Of course, the state already does at times impose restrictive regulation specifically in order to prompt innovation---for example, federal and California state law served to effectively ban manufacture and sale of incandescent light bulbs, forcing development of compact fluorescent, LED, and halogen alternatives. Similarly, federal or state environmental agencies have often imposed emissions standards in order to force innovations in control of pollutant discharge or in fuel efficiency. But in many situations like the deployment of irradiated seeds, innovation, or at least creativity, is perversely directed toward avoiding the regulation, rather than toward expected compliance.
Perhaps surprisingly, directed perversity is familiar a familiar feature of the law most often associated with innovation incentives. Patent law has long entailed an expectation that competitors to a patent holder will “invent around” the claims of the patent; this has been touted by the Federal Circuit as a benefit to the patent system. The boundaries of the patent holder’s rights are defined by textual claims in the patent document. Competitors to the patent holder may therefore invest in developing substitutes that fall outside the claims, which is to say in “inventing around” the obstacle of the patent right. Patents are intended to encourage innovation, and are usually assumed to do so via the reward of exclusive rights in a meritorious invention, but the “inventing around” rationale suggests that they may also somewhat perversely spur innovation as others seek permissible alternatives to the legally encumbered technology.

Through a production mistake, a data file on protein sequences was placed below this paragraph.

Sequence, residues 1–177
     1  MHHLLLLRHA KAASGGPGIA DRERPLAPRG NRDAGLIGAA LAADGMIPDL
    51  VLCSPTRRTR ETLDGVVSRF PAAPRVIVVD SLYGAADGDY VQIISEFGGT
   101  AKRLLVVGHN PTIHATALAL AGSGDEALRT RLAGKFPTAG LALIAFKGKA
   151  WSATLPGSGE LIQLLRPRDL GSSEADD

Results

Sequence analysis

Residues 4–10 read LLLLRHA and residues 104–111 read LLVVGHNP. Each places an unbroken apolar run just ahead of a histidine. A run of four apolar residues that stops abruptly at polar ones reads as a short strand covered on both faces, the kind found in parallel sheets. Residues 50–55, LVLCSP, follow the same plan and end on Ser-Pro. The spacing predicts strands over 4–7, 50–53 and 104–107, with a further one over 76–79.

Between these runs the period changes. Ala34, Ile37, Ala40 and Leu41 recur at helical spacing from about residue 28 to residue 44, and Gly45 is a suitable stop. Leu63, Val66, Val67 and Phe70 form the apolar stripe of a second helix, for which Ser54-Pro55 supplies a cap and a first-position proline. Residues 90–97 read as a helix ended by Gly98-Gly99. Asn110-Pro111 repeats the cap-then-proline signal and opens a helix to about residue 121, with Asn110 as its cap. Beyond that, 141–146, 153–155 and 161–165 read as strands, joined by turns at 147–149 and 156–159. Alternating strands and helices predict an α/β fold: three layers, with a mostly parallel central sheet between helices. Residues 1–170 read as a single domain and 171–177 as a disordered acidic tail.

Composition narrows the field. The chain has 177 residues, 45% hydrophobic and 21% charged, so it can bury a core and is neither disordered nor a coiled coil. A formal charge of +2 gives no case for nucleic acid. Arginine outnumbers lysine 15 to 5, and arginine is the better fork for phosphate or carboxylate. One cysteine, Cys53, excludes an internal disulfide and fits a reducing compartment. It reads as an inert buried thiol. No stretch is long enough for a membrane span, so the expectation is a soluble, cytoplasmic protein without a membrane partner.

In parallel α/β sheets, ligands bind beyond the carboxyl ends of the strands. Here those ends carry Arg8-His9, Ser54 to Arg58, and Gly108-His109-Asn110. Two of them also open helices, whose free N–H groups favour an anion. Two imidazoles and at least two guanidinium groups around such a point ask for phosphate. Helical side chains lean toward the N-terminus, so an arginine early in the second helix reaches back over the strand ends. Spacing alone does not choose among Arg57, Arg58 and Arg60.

The example of patent law “inventing around” raises the question as to whether, if perverse innovation is an inevitable outcome of formal regulation, it might become a calculated and desired outcome, as it is said to be in patent law. As the literature on inventing around points out, this will depend on the extent to which ingenuity is simply directed toward avoiding a preferred regulatory outcome, or whether the ingenuity produces actual innovation. The former outcome is likely to result in a net social cost, whereas the latter, like patent inventing around, could result in a net social benefit.
This calculus may be difficult to calibrate for the various environmental, health, safety, and other regulatory schemes that may produce perverse innovation. It will likely be difficult to predict in advance where perverse innovation will occur and whether it is socially beneficial. But patent law again provides some guidance; in patent law, the doctrine of equivalents penalizes non-innovative avoidance of claim language. Under the Doctrine of Equivalents, known substitutions for elements of a patent’s claims are still considered infringing. A similar standard of known substitution or triviality might be adopted in other areas where a goal of regulatory action is to spur collateral inventing around, in order to ensure that any technical strategy for designing around the regulation is in fact innovative, and not merely costly formal opportunism.
Dan Burk is Chancellor's Professor of Law at the University of California, Irvine. He can be reached at dburk at law.uci.edu.